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The shape of things to come

What millennials love and hate and what they buy

Millennials are now America’s largest generation, with nearly a quarter of its population, and by all accounts have already begun defining what will and will not succeed in the consumer marketplace.  

Socrates long ago observed that one should “know thyself” above all else. For marine marketers the corollary of this sage advice is that you must fully understand your customers if you expect to prosper in a world undergoing such dramatic digital and demographic shifts. 

Choosing what to believe about America’s boaters is not unlike navigating a complex minefield. For example, according to the Coast Guard’s 2011 National Recreational Boating Survey, the three top reasons for boating are socializing (76 percent), cruising (70 percent) and sightseeing and nature observation, at 65 percent. 

Contrary to what you may have heard over the years in many industry forums, only 48 percent of respondents to this survey cite fishing as their primary reason for boating. For the full survey results, see:

At first blush, these top three activities seem to be awfully mellow pursuits for such a seemingly active recreation. But the more I think about it, the more these numbers make sense. Except for those operating the vessel, most of the 87 million who the NMMA claims went boating last year are primarily along for the ride and to enjoy the “entertainment” that the platform provides (see 

Meanwhile, the just released 2016 Recreational Boating Participation Study sponsored by the NMMA, RBFF and Discover Boating makes the astounding claim that there are 141.6 million “active” boaters in the United States. The study defines an “active boater” as anyone who boarded a recreational boat in 2016. To my mind that’s like claiming that everyone who boards a plane is a pilot. 

To put matters into further perspective, more “active” pursuits, such as racing, scuba diving/snorkeling and sailing attract 10 percent or less of those who go boating. Knowing more about what motivates boating’s participants is going to be critical in figuring out how to transform them into actual boat owners.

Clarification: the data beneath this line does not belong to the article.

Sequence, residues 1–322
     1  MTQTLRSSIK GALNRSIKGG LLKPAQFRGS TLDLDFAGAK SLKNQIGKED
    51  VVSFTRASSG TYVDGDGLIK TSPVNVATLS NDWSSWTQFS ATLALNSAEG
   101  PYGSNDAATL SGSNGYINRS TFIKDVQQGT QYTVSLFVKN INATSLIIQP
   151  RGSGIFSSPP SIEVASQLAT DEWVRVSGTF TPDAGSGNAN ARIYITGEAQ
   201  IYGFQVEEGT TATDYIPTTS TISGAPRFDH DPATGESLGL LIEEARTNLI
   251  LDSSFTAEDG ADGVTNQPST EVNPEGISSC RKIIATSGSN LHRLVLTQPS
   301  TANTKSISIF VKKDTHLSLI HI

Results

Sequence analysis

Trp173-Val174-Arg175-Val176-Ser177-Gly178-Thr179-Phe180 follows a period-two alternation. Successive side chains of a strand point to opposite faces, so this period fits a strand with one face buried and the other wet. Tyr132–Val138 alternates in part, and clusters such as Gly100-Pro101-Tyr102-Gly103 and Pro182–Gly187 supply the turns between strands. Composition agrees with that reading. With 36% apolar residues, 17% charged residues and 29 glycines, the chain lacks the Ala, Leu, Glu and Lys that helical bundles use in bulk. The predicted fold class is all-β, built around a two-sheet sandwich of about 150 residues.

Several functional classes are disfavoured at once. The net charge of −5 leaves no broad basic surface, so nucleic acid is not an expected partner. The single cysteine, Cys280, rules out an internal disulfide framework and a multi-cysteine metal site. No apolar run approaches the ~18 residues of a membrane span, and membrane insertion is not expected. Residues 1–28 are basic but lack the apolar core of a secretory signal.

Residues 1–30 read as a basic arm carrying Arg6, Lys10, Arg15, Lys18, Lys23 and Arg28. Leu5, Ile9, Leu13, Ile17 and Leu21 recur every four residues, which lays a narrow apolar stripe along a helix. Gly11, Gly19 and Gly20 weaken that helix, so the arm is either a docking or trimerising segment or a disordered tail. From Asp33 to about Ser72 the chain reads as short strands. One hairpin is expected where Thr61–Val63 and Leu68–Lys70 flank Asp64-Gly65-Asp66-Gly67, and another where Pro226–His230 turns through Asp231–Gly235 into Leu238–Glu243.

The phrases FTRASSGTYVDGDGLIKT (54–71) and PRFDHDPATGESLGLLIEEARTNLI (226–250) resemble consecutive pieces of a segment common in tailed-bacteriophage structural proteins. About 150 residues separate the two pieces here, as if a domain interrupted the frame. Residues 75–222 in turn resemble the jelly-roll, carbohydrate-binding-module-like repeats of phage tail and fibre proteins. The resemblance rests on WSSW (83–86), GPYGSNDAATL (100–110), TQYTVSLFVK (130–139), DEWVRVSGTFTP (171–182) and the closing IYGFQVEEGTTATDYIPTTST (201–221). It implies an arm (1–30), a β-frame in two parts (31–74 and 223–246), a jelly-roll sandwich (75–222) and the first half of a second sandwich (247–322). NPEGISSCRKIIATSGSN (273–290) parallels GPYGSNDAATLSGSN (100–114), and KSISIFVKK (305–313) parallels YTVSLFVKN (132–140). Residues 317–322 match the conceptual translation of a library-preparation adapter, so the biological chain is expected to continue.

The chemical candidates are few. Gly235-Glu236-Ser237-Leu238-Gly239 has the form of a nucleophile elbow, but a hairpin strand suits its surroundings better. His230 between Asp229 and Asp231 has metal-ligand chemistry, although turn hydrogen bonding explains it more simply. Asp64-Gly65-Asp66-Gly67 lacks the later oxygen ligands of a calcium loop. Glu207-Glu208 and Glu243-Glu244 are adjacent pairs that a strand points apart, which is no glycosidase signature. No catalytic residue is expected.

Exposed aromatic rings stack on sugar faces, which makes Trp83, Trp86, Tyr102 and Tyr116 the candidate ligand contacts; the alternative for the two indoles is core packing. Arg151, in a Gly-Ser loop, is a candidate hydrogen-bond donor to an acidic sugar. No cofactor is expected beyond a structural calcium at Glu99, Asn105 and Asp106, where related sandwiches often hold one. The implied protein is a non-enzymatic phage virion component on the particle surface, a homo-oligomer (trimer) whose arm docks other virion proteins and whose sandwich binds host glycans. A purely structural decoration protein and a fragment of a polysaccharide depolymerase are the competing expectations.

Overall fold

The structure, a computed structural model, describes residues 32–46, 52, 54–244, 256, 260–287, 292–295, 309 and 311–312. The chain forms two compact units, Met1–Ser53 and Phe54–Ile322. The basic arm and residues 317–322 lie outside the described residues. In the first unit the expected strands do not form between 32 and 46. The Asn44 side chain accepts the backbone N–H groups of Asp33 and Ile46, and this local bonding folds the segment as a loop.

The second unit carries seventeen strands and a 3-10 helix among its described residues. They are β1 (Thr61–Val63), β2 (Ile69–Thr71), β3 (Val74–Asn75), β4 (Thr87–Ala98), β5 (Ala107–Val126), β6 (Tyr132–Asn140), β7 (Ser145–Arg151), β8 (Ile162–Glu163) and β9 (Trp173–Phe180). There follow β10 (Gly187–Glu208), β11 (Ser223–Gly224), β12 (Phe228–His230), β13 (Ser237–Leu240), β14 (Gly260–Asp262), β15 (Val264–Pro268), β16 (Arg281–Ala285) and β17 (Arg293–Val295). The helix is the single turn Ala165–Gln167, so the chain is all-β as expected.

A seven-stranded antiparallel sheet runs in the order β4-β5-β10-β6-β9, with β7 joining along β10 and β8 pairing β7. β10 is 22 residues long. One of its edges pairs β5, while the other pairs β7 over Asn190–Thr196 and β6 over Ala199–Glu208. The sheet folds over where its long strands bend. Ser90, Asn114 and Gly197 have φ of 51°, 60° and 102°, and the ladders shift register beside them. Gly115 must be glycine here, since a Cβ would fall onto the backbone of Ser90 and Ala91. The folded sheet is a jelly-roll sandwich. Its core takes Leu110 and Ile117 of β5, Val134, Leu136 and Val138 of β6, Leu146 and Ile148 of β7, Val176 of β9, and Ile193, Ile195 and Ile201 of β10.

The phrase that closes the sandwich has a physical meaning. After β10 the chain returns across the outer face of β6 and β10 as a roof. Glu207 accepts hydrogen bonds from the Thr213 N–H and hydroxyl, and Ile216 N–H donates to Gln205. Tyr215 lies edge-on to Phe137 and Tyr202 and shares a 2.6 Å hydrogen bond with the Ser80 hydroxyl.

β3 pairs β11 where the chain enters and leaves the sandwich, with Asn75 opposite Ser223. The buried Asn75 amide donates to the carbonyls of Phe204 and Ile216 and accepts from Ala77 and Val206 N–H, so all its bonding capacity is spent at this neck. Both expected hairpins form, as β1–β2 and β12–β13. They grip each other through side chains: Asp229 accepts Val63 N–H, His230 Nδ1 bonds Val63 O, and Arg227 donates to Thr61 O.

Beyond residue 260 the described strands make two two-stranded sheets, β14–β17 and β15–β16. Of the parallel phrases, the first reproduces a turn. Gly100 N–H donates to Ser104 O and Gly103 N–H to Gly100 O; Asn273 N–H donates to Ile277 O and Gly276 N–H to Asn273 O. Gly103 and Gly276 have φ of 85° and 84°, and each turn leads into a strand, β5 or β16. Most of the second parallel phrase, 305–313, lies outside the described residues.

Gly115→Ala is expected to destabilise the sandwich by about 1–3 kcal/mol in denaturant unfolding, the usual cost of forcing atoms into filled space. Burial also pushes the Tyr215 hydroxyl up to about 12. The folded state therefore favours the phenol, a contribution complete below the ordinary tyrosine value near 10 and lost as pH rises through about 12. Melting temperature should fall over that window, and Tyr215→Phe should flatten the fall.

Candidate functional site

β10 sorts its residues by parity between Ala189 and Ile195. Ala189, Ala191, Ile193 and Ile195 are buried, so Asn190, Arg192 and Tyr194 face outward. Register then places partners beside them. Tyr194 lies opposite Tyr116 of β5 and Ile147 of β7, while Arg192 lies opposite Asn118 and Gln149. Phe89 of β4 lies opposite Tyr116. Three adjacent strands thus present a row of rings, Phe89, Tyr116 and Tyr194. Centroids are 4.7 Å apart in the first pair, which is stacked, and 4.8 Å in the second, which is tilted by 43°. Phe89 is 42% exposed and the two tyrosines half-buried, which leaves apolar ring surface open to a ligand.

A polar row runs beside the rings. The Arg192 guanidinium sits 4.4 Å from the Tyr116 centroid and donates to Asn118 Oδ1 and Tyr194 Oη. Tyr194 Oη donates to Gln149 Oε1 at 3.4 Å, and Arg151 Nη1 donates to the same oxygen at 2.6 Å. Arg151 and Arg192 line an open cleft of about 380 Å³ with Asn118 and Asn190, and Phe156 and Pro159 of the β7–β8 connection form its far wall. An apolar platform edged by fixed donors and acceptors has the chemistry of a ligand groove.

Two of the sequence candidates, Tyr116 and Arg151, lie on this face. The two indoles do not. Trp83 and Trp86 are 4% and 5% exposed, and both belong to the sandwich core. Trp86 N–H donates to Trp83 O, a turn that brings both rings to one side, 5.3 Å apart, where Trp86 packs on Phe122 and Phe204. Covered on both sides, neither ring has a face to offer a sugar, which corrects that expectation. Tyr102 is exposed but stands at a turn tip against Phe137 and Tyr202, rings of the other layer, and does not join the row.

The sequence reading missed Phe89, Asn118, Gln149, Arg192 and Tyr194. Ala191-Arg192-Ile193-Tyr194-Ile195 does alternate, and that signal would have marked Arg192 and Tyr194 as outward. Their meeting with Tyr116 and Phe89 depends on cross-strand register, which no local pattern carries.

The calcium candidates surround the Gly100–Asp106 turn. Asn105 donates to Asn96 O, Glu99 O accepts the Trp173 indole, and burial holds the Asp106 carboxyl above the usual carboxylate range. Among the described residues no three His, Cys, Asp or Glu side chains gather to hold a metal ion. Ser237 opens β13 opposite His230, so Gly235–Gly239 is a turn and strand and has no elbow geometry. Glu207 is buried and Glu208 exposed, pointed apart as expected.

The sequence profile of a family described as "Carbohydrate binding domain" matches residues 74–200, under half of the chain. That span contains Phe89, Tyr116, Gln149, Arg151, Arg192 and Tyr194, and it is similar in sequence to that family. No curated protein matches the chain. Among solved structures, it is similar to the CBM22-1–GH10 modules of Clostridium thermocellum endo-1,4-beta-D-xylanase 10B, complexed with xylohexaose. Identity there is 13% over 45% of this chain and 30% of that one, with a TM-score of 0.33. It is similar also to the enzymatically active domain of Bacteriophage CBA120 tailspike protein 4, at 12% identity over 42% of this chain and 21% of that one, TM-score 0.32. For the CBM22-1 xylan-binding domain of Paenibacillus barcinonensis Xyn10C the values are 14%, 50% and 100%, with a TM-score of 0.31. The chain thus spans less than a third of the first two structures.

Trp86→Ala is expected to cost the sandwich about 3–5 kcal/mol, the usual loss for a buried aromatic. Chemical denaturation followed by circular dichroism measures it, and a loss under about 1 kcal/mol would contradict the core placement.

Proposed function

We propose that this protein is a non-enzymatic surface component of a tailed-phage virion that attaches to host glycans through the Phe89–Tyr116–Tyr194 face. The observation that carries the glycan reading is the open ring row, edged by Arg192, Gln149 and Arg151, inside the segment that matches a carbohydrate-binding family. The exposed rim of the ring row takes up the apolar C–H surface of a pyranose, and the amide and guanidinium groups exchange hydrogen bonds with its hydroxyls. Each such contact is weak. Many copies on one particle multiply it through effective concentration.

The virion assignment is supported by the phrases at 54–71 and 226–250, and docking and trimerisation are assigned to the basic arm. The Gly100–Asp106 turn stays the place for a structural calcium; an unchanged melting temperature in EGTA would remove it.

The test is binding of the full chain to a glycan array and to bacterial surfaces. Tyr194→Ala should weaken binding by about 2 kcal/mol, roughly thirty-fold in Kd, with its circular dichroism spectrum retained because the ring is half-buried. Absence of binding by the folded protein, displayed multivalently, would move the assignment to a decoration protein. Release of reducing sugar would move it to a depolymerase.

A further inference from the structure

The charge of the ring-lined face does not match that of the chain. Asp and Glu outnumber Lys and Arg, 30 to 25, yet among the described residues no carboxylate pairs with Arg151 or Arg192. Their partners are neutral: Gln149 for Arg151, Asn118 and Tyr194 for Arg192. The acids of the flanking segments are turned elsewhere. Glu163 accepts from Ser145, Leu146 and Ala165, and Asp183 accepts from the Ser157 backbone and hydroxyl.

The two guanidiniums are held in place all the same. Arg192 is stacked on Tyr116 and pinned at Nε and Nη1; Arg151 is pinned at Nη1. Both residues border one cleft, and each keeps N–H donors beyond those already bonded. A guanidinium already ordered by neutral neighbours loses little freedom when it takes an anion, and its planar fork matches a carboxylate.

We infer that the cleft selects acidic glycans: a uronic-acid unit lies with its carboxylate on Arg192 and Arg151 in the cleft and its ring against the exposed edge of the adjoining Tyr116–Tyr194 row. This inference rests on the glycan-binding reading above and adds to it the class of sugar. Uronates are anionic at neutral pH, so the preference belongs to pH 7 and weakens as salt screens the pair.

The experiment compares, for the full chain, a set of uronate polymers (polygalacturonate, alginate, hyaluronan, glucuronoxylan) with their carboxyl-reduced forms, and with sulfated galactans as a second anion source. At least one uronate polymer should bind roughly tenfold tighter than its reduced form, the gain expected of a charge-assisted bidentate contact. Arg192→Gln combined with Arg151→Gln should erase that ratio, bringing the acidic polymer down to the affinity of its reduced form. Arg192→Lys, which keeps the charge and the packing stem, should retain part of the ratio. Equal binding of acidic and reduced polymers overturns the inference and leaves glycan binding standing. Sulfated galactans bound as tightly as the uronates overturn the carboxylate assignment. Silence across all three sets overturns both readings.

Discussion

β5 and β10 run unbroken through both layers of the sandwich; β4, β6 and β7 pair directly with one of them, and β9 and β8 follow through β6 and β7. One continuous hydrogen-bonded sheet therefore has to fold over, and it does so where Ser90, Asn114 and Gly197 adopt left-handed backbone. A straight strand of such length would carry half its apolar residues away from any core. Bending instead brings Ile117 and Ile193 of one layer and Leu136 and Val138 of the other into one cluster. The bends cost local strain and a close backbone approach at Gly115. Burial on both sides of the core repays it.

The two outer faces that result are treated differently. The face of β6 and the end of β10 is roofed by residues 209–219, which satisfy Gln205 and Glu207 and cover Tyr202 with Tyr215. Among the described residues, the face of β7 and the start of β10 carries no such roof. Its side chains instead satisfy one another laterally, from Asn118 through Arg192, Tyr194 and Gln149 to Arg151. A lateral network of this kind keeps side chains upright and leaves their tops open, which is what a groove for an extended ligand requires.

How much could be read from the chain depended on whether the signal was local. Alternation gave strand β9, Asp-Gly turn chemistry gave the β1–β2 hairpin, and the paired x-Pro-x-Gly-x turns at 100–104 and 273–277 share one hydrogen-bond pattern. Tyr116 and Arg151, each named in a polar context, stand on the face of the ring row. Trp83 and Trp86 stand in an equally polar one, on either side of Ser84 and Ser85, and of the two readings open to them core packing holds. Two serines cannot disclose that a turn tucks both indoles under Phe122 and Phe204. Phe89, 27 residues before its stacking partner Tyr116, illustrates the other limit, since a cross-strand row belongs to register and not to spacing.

Some interesting facts about “participation” in the recreational world in which we live are also worth noting. Attendance at major professional sporting events, for example, is either stagnant or on the decline. Baseball, America’s so-called national pastime, has seen attendance drop from 79 million to 73 million in the 10 years from 2007 to 2016, and both NFL and NBA attendance numbers have barely budged during the same period. 

Among the more active recreational pursuits, downhill skiing has remained stable and snowboarding has increased. Golf participation peaked in 2003 at 30 million and has been on a steady decline, to 27 million, since then. And although it’s true that overall high school sports participation has been increasing for 22 straight years, the annual 100,000 increase has dropped most recently to 40,000. 

The only recreational pursuit that appears to have grown consistently for more than a generation is couch potatoes who are enjoying what many critics claim is the new Golden Age of television. According to a recent article in USA Today, more than 70 million Americans are classified as “inactive.” If that’s the case, I can only imagine what the couch potato numbers will be when augmented and virtual reality truly arrive in our living rooms. 

The ramifications of this are no joke. Many of these couch potatoes have grown up with a computer in their playpen rather than a bouncing rubber ball. Among these couch potatoes are the leading edge of the 80-million-member millennial generation, who have now reached the age of 40, where they should — all things being equal — become prime prospects for the boating lifestyle. Not sure who’s who? Here’s a breakdown of the generally accepted generational segments: 

Gen Z, iGen or Centennials (born 1996 and later)